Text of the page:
With regards to failure, I think, that (1) we still aren't efficient with use of the technology. For example, using molecular markers such as simple sequence repeats (SSRs), we spend about $4.00-5.00 per marker data point in our lab as compared to $0.30-1.00 that IRRI has reported. Well, one could argue that at IRRI it costs maybe less because they can purchase reagents at a lower price. This may be partially true. But in our case, one of the main reasons for this high cost is that we still have not really optimized the use of these DNA markers. By this, I mean that we still have a lot of failed polymerase chain reaction (PCR) amplification, problems with gel running, etc. In addition, most of our protocols say from DNA extraction to gel documentation is manually done. Therefore, we cannot fully utilize the use of markers in our breeding program. Our current rate of data generation is probably about less than 1,000 data point per week. With maximum capacity and with a lot of staff (more than 10 research assistants) involved, we probably may double this number. My point is that, when we compare this using high-throughput automated equipment, the number I mentioned can be easily done by a single person in less time.
Another reason for failure is the (2) high rate of staff turn-over. A lot of our trained staff in biotechnology usually stay at our institute for only about a couple of years or so. Therefore, projects of these staff are most of the times suspended or prematurely terminated. Currently, the management of our institute is providing incentives to somehow lessen the migration/movement of a critical mass of biotech staff from our institute.
Alex T. Rigor, Ph.D.
Senior Science Research Specialist
Plant Breeding and Biotechnology Division
Philippine Rice Research Institute
Maligaya, Science City of Munoz 3119
PH +63 (44) 456-0258; -0285 loc.260
atrigor (at) philrice.gov.ph
Sent: 17 June 2009 12:40
Subject: 43: Biotech research-application disconnect - India
I am E.M. Muralidharan from India. I work at the Kerala Forest Research Institute, Peechi, Thrissur, in the area of biotechnology of forestry species.
Unlike the case in some of the nations in Africa, as described in the earlier messages, I feel in India there has been no dearth of facilities, funds or expertise in biotechnology research. The liberal funding in the past two decades for setting up facilities and training of manpower by the Department of Biotechnology, the Indian Council for Agricultural Research and other agencies has ensured that the nation is mostly self sufficient in most modern technology. However, my opinion is that agricultural biotechnology has hardly produced any benefits yet. Firstly, I think there is too much duplication of research in the important crop species and a lot of the work being carried out lacks a clear objective or perspective in terms of application. Secondly, there is too much emphasis in most organizations (perhaps not in private companies) on purely academic aspects of research. There is not much to be gained by a stand-alone research programme aimed at, say, developing a micropropagation or genetic transformation protocol for a crop species if, at the practical level, the researcher is never involved in applying the technique. Yet that is what is happening most of the time, at least in India. That is one reason you would find dozens of published papers describing in vitro laboratory protocols for a species but which is hardly ever put to use anywhere to actually propagate superior clones for deployment in the field or in developing an improved variety. I feel that the desire of the researchers to improve their career, publish in the best scientific journals or obtain a patent often comes in the way of meaningful research outputs.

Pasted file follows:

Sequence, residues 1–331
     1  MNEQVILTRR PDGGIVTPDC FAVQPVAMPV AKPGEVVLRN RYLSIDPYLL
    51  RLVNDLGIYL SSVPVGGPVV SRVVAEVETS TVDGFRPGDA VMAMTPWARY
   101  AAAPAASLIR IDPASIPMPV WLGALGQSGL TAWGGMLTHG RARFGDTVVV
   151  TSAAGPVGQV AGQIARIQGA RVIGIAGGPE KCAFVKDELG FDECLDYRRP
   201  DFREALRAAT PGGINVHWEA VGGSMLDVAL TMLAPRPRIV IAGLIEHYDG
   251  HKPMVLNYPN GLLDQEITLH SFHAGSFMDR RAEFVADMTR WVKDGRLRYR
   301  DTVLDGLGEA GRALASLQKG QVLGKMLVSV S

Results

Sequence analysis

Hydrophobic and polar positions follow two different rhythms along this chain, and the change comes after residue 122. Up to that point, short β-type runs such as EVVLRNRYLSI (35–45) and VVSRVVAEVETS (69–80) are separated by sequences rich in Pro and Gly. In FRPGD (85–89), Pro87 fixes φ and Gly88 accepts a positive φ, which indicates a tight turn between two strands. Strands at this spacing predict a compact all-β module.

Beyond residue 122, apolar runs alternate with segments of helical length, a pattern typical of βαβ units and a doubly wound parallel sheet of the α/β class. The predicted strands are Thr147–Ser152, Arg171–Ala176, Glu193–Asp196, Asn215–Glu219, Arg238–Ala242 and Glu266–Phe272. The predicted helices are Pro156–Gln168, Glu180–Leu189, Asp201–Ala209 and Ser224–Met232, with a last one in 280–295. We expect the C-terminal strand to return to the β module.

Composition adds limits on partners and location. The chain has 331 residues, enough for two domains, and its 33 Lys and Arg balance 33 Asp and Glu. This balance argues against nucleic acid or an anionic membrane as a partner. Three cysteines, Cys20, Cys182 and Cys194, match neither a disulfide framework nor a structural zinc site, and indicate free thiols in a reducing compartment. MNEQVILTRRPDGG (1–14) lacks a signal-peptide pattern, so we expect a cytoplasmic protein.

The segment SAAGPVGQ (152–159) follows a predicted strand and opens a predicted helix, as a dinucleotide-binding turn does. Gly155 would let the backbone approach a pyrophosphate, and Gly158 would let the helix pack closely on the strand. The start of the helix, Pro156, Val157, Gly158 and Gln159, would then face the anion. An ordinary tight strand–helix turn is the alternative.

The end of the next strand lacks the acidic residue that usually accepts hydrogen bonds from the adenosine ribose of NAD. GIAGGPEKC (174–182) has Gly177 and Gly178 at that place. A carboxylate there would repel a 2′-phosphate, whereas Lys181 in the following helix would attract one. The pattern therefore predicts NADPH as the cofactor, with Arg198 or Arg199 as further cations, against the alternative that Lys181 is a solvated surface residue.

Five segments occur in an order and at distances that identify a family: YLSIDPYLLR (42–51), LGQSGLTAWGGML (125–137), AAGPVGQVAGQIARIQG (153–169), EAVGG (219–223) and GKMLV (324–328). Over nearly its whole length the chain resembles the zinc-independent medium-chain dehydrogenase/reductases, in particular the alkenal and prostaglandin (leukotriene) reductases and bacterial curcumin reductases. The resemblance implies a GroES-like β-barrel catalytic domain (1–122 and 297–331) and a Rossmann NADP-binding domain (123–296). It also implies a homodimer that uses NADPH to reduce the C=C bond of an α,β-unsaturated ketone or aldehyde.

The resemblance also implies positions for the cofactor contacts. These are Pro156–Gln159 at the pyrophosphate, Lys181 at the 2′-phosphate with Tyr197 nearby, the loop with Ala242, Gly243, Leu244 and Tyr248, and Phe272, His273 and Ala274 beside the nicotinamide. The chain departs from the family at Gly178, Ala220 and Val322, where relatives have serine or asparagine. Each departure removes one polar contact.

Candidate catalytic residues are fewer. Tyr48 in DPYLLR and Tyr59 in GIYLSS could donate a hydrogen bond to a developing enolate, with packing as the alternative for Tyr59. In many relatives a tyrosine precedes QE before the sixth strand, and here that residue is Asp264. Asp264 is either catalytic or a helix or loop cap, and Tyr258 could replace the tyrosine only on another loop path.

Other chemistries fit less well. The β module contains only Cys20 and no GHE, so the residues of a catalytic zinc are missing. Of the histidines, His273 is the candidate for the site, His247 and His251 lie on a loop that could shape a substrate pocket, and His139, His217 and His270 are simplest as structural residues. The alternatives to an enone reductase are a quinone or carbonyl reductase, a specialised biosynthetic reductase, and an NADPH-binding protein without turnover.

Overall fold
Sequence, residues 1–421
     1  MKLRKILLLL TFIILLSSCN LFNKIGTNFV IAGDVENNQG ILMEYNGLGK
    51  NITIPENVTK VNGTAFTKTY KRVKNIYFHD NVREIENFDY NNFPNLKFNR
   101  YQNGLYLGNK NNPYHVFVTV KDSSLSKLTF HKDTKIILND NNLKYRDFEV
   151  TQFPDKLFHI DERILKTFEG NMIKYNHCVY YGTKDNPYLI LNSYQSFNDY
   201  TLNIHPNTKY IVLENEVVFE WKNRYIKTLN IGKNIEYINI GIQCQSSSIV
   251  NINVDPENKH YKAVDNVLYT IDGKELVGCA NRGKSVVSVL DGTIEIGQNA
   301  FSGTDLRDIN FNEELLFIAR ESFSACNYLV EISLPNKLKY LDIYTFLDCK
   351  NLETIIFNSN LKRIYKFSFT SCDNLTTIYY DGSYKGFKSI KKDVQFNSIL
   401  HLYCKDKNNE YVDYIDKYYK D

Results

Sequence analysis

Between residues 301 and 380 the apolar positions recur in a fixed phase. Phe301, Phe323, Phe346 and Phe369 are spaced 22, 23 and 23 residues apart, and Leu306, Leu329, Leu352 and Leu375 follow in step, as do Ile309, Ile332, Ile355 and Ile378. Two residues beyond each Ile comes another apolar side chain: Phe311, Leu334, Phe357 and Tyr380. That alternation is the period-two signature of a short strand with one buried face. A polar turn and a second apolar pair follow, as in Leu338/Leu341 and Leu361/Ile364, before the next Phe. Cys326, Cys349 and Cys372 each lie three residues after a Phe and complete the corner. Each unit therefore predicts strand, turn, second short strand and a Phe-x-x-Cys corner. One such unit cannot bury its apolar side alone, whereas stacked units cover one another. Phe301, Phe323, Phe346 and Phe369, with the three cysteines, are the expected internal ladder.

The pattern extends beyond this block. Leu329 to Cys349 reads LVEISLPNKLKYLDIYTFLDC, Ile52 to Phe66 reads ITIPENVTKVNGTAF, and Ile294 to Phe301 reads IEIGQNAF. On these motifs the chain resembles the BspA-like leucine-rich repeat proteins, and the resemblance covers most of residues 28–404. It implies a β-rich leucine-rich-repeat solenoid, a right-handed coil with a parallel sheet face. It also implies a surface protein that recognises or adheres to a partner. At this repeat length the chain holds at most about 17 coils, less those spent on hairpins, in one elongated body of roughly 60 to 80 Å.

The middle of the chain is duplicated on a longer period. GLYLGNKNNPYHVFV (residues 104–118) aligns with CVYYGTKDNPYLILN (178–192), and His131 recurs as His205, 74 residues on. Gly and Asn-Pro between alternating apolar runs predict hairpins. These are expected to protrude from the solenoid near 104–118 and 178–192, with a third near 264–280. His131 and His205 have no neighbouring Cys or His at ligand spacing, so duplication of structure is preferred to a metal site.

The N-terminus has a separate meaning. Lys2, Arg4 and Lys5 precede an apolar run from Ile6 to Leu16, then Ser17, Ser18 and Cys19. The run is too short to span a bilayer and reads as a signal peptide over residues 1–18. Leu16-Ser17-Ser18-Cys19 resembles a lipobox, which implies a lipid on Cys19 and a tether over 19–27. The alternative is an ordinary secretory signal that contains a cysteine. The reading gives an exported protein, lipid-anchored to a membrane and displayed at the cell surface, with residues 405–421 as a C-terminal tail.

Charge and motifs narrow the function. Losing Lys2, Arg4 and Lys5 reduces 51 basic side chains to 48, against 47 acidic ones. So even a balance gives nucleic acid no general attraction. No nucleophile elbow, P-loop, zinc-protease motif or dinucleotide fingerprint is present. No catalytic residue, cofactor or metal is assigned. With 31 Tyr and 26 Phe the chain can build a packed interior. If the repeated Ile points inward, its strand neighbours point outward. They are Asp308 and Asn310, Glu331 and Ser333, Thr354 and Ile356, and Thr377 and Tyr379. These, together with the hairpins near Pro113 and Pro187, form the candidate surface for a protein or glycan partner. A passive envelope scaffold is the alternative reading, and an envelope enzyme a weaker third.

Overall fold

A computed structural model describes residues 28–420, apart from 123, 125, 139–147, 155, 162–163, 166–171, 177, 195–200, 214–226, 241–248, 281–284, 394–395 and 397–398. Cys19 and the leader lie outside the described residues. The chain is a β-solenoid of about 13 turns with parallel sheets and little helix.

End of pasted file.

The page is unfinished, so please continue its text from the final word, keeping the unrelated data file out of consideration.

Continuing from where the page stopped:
Research in biotechnology in public-funded organizations and universities should therefore fit into a comprehensive crop improvement programme involving all areas of expertise that are essential for success. Procedures will then have a better chance of being fine tuned in the lab itself for its applicability rather than for novelty or Citation Index alone. An alternate means of performance assessment of researchers should be in place which does not lay undue emphasis on purely academic research.
Dr. E.M. Muralidharan
Kerala Forest Research Institute
Peechi, Thrissur. 680653
emmurali (at) gmail.com
Sent: 17 June 2009 13:27
Subject: 44: MAS for downy mildew resistance in pearl millet for India
I am C Tom Hash, trained at Cornell University as a conventional plant breeder and working for the International Crops Research Institute for the Semi-Arid Tropics (ICRISAT) on development and application of tools for marker-assisted breeding in sorghum and pearl millet. I am based in India and involved in research projects targeting improvement of these two crops in both sub-Saharan Africa and South Asia (hopefully with spillover to other regions where these crops are grown globally).